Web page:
Daylight Saving Time Ends Tonight. But Why Were We "Saving" Time Anyway?
Typically clocks are adjusted forward one hour near the start of spring and are adjusted backward in the autumn.
So why do we Fall Back?
The idea of daylight saving time was first conceived by Benjamin Franklin in 1784 during his stay in Paris. He published an essay titled “An Economical Project for Diminishing the Cost of Light” that proposed to economize the use of candles by rising earlier to make use of the morning sunlight.
Do we really save daylight?
Technically, there is no way to save daylight, but by taking avantage of the daylight that is available each day you can save energy by not having to use as much artificial light and thus it saves money.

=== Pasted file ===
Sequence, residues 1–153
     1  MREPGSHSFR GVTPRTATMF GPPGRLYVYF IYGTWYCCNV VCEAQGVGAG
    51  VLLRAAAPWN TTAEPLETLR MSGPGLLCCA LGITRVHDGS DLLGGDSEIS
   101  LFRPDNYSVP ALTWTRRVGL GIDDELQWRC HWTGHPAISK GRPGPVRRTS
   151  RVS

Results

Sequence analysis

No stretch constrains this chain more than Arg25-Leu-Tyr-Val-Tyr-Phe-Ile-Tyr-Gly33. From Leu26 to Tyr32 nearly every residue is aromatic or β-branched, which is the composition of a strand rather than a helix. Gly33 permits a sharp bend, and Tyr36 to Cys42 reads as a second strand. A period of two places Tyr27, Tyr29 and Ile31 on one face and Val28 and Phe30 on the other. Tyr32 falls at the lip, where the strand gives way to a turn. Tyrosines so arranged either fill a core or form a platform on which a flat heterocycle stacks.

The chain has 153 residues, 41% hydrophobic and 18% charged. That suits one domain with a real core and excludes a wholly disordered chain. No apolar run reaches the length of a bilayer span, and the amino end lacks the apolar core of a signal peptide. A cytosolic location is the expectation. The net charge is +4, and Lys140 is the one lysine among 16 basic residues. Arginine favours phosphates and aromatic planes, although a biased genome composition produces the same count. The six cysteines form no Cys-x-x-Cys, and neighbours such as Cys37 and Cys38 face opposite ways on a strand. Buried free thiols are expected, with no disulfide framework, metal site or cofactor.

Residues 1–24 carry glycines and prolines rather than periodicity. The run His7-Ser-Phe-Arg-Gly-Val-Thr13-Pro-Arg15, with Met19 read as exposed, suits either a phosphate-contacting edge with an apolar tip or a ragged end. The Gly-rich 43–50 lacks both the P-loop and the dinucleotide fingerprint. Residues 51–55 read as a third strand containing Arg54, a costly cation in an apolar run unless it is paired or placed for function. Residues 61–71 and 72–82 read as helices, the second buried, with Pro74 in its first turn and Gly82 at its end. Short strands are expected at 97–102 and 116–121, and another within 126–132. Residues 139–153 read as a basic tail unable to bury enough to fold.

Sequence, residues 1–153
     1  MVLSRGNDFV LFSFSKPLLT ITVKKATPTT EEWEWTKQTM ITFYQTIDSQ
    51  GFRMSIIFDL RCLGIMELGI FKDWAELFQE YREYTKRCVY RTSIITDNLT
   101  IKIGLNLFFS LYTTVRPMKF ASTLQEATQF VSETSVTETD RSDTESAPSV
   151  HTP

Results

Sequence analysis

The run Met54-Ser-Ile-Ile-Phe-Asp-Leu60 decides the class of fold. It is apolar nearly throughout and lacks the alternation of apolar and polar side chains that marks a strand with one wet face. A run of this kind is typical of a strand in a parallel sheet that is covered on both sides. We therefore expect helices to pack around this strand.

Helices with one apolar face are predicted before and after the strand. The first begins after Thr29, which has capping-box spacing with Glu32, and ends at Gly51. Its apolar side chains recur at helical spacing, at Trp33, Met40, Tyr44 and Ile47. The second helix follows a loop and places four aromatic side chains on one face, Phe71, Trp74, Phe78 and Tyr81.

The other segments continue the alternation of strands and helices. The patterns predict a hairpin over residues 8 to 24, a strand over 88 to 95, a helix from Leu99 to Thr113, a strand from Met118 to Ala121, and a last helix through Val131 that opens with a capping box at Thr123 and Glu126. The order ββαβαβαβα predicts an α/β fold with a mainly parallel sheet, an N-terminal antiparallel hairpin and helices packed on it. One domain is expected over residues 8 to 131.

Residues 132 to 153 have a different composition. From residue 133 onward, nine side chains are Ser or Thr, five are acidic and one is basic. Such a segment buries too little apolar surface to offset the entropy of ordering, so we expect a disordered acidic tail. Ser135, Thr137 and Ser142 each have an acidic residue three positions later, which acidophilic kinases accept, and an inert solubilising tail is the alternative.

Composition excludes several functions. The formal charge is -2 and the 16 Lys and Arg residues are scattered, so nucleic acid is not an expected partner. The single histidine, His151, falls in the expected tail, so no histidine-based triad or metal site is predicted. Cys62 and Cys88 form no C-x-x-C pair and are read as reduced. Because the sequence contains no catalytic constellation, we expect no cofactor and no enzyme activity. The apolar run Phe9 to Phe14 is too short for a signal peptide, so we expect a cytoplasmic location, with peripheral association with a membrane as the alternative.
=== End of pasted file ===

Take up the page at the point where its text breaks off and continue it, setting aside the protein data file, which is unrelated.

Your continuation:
This is the main rationale for the change in time. By every individual using one hour less of artificial light during DST, a period of more than 200 days, it equates to an enormous amount of savings as a nation.
The idea of Daylight Saving is not without debate.
Opponents argue that actual energy savings are inconclusive, that DST can disrupt morning activities, and that the act of changing clocks twice a year is economically and socially disruptive and cancels out any benefit. Groups that have tended to oppose DST are farmers, transportation companies, and the indoor (or darkness reliant) entertainment business.
DST is not observed during late fall and winter. Because the mornings are darker during that time of the year; workers may have no sunlit leisure time and children may need to leave for school in the dark.
Of course, that is just reality when it come to this time of the year. In addition to the shorter days, however, temps only get colder next week.
When to expect highs in the 30's with a chance of snow on our next Edition of WxLIVEat845 Monday night. See you then!